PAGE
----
La Bise vs. Hugs: A Tale of Two Greetings

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Which do you prefer: two kisses on the cheek or a hug?

The distinction between American vs. French greeting is perhaps the most recognizable (and awkward) difference between the two countries. Hugging is a part of the American way of life, it’s how we greet family members, friends, significant others, acquaintances, and even strangers on first meeting.

The French, however, are religious about the double-kiss, or la bise. One per check (though the number varies from region to region), without actually touching the lips to the cheek, while making a soft kissing sound. It’s a cheek-to-cheek air-kiss. When I do la bise in the U.S., I feel like a gilded heiress at a Park Avenue fundraiser… or a Desperate Housewife.

For most Americans in France (myself included), the French greeting is deeply uncomfortable. While studying abroad in Paris, I adapted to the double kiss, but I didn’t like it. Getting that close to the face of an acquaintance or even friend felt just plain wrong. Furthermore, which cheek should be kissed first? How many kisses on each cheek? What if my kiss accidentally made a smacking sound in their ear? Most importantly, la bise lacks the soulful resonance of a deep hug. When my host mother of five and a half months dropped me off at the airport for could very well be our final face-to-face encounter, we bid adieu with la bise. It was an unsatisfying parting of ways.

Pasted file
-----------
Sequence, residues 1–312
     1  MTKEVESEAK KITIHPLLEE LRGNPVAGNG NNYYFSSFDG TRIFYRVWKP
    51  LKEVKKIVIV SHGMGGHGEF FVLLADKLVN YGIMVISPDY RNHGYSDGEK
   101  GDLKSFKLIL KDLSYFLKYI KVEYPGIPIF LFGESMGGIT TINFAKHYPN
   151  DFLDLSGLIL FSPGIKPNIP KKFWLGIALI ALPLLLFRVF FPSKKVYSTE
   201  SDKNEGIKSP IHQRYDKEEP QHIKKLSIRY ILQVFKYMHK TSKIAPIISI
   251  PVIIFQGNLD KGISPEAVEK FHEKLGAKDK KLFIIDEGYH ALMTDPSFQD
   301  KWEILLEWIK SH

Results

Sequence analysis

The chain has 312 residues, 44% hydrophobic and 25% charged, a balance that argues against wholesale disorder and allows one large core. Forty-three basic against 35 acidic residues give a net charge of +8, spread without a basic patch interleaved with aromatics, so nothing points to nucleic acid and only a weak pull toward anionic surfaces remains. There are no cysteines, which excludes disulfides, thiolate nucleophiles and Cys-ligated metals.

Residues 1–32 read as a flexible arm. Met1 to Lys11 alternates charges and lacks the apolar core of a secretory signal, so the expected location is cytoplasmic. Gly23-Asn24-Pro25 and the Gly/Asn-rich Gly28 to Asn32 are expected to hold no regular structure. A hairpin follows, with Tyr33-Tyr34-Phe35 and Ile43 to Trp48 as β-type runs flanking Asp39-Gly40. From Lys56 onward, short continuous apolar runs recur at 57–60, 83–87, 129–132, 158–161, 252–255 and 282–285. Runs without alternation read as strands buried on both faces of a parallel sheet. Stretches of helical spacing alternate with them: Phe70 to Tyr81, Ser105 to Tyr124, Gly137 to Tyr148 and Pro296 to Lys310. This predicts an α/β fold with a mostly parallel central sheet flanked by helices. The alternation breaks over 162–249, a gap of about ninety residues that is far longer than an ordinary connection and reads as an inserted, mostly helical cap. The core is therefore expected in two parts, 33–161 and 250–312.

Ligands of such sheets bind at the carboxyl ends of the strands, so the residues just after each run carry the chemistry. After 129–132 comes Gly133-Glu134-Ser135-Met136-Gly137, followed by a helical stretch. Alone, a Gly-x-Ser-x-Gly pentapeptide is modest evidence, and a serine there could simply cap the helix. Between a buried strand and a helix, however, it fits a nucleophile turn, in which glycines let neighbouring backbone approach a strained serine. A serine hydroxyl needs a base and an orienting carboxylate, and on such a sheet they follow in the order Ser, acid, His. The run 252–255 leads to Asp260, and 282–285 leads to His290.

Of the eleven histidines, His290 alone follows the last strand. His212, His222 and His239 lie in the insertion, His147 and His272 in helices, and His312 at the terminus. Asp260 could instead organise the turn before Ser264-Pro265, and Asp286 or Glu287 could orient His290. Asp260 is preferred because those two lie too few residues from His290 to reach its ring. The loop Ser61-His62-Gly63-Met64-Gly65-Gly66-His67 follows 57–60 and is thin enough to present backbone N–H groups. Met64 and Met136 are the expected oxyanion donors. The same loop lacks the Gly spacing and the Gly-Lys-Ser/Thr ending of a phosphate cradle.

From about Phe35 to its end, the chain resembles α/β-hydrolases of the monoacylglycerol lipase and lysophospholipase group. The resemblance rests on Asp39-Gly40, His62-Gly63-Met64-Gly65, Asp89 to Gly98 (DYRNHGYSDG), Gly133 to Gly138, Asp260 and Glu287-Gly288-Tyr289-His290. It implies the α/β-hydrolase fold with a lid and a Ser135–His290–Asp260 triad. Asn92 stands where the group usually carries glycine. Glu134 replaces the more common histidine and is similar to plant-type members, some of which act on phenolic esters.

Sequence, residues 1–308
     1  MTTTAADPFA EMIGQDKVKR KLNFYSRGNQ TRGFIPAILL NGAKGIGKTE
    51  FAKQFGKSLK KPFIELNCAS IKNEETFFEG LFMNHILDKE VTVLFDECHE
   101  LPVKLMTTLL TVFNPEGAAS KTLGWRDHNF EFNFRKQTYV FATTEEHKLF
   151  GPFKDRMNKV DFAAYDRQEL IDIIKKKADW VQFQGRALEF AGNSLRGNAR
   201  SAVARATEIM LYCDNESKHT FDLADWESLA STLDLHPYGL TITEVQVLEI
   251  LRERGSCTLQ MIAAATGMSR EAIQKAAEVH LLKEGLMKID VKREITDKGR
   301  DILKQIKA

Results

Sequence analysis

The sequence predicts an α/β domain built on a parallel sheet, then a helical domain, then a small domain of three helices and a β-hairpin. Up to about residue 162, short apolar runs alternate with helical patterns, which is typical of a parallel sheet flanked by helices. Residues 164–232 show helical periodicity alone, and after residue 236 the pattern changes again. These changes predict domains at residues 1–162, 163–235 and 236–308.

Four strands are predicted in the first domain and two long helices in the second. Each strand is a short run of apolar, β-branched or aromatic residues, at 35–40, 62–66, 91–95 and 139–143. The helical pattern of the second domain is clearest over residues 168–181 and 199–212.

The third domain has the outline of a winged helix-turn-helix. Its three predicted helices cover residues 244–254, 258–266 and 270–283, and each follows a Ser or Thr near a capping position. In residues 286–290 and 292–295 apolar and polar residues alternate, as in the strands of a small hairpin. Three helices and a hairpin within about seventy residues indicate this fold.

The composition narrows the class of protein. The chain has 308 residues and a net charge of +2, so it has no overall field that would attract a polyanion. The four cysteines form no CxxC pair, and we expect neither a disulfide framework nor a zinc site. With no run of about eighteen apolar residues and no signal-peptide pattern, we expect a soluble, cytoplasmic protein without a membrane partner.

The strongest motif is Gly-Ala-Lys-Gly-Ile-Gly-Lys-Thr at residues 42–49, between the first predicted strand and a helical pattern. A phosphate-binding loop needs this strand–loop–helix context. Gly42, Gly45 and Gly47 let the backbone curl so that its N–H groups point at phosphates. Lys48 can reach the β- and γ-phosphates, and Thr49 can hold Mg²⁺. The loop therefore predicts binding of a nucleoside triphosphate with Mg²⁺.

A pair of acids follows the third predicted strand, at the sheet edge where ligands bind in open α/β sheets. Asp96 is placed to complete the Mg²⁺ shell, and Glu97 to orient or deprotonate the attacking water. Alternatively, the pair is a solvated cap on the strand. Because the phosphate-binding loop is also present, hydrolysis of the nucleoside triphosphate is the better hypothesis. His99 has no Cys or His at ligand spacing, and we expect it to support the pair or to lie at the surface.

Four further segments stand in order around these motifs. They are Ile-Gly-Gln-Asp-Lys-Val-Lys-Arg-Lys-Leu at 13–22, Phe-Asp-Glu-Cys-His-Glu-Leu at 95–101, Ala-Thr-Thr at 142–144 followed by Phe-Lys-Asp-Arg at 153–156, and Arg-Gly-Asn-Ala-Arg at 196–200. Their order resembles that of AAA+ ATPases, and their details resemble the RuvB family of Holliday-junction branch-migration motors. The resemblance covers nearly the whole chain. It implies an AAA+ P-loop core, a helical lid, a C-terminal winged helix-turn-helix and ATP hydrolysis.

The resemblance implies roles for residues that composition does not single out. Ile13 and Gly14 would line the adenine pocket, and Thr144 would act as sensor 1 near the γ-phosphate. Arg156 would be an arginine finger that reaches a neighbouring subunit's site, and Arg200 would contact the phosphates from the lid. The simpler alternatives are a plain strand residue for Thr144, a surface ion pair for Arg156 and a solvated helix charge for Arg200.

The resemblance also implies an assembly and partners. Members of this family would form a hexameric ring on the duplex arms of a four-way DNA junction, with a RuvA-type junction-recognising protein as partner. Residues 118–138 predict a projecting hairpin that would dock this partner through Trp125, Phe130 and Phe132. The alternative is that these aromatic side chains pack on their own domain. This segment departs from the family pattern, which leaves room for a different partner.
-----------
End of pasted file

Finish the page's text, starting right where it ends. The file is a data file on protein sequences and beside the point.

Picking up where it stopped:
But just as how Americans in France must adapt, French people in America must adapt as well. “I didn’t feel comfortable giving hugs because it was too intimate,” says Nathalie, a French woman living in NYC. “For me, you don’t touch people that way.” Her concerns about hugs were oddly similar to mine about la bise. Which side do you put your head when you hug someone? Where do you put your arms? How long should it last? Our sentiments about the closeness of each greeting were oddly similar as well. “Like, people come into my zone, my bubble,” says Natalie. “It’s a bit disturbing and annoying.”

In retrospect, I regret not pushing myself to use la bise more. I can count on one hand the number of times I greeted my host mother with la bise. It was rude of me not to greet her with la bise when I came home, or when I saw friends at the beginning of class. Nathalie gives me hope though, that I’ll feel more at ease with practice. “I feel more comfortable with hugs now,” she says. (No doubt it’s because of all the Americans who assume that everyone wants a hug.)

For more analysis on this cross-cultural puzzle, check out this French Morning video that provides a lesson in hugging for struggling French expats!:

Featured image: Stock Photos from Iakov Filimonov /Shutterstock

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